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Downey United Methodist Church in the late 1930s.
  • Downey United Methodist Church in the late 1930s.

Part 4: Continuing the story of Downey United Methodist Church
The final installment in a series examining the history of one of Downey’s oldest churches.

DOWNEY – Previously, in parts One, Two, and Three, we related the story of growth by a small group of Methodists who began to meet 160 years ago in 1854. At first these early pioneers met in homes and open fields. Later they built the Los Nietos Collegiate Institute, the first Protestant college in Los Angeles County, and held worship services in the classrooms. In 1877 they built their first adequate house of worship and, in 1891, moved the entire structure one mile north into the growing town of Downey.

Continued Growth

The original church structure served the members well until the early 1920s. The congregation had grown so large by then that the original facilities were no longer adequate. In 1921 the following resolution was adopted at the Quarterly Conference: “Resolved . . . that the Quarterly Conference authorize and instruct the Board of Trustees to borrow from the Los Nietos Valley Bank a sum not to exceed $2,000 and apply same as a first payment of lots.” Following minutes show that $1,900 was borrowed from the bank. A lot bounded by Fifth Street on the North, New Street on the West, and Crawford Street (Downey Avenue) on the East, was purchased for $3,800. $1,900 was paid in cash. In the minutes of March 2, 1921, during the pastorate of the Reverend L. J. Miliken, we read, “Motion made and carried to ask the Board of Church Extension for donation of $6,000 and a loan of $10,000.” A new sanctuary was erected and the church was built on several floor levels. There was a basement for Sunday School classes and social activities, a Sanctuary up several steps from street level, and more rooms in the belfry. For reasons that are unclear, the original 800 pound bell was not placed in the belfry. A cement foundation was made for the bell at the rear of the church. Perhaps the new steeple was not strong enough for a bell of this size and weight, or there were fears of earthquakes. When the church was completed a parsonage was built at the rear of the sanctuary, facing New Street.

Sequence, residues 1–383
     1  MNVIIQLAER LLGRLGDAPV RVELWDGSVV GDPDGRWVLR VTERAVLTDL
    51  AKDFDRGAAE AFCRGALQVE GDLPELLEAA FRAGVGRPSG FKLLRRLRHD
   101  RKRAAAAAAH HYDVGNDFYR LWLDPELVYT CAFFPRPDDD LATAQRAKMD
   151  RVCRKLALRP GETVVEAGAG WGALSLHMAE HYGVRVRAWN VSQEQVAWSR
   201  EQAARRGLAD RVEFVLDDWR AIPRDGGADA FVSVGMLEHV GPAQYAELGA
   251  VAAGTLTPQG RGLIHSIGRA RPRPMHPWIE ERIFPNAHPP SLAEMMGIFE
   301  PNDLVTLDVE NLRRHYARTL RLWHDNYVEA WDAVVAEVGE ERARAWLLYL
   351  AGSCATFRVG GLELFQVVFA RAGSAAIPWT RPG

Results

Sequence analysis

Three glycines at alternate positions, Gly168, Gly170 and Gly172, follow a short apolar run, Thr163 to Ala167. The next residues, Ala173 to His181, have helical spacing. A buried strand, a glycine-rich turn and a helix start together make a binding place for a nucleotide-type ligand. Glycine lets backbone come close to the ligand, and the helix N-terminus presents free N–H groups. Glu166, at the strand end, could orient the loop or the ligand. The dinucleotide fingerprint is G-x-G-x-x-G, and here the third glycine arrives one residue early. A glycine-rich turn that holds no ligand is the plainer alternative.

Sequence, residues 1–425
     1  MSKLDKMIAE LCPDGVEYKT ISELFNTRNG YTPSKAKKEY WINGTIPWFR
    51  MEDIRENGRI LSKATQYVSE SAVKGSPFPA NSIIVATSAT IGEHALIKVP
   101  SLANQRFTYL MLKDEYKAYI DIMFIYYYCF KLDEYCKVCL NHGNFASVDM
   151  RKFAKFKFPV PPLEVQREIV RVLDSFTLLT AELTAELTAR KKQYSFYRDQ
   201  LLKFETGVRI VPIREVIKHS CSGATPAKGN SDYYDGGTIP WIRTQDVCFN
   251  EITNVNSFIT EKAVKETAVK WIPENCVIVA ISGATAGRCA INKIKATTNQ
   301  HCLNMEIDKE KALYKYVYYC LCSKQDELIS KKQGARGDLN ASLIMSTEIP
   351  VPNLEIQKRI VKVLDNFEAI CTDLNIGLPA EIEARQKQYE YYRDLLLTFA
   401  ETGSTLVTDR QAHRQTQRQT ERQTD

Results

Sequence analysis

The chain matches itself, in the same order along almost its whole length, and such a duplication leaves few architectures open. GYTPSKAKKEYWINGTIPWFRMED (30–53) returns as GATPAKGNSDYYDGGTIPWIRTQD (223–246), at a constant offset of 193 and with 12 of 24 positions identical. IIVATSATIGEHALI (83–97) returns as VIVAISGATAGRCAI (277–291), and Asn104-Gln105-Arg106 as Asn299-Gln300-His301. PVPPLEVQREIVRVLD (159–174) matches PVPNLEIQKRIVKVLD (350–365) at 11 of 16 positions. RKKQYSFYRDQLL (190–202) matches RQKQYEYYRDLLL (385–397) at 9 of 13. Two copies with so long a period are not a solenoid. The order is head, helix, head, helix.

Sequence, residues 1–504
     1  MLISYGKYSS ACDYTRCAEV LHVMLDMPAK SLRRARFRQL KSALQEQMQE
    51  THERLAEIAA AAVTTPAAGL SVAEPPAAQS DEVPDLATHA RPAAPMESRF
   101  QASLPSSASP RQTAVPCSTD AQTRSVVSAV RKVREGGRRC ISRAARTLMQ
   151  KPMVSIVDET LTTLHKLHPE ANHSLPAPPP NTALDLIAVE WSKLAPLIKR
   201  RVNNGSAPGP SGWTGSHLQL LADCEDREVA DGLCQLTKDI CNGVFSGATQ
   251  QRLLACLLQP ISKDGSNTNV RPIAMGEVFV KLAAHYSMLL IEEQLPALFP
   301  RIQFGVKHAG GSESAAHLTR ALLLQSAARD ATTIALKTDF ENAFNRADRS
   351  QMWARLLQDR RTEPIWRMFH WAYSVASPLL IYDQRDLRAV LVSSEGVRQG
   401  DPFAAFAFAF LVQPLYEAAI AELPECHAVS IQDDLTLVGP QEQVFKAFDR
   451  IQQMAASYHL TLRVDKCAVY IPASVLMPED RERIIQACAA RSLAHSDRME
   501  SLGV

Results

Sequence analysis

The following article was taken from an old copy of Downey’s “Live Wire” newspaper: “The Methodist Church dedicatory service with Bishop DuBose in attendance will be held Thursday. All other churches, fraternal orders, and Downey men and women’s clubs have been sent a special invitation to attend. The Board of Stewards will present the church to the Bishop for dedication and during the service the audience will sing the ‘Victory Song’ written by Mrs. A. G. Haygood. The service will close with Mrs. H. P. Myers singing her ‘Rejoice’ song dedicated to the building.”

After World War II, the population of Downey increased rapidly. Orange groves were giving way to subdivisions. New homes were going up and the church was feeling the pressure. Additional property was purchased immediately south of the church and a fellowship hall and several new classrooms were built, followed by the construction of the present sanctuary. The sanctuary was dedicated in June 1954 by Bishop Gerald Kennedy. The building program was completed with the construction of an office and classroom complex on the site of the old sanctuary and parsonage. Some years later, a new entrance to the sanctuary was built facing the parking area. ADA compliant restrooms were added at that time.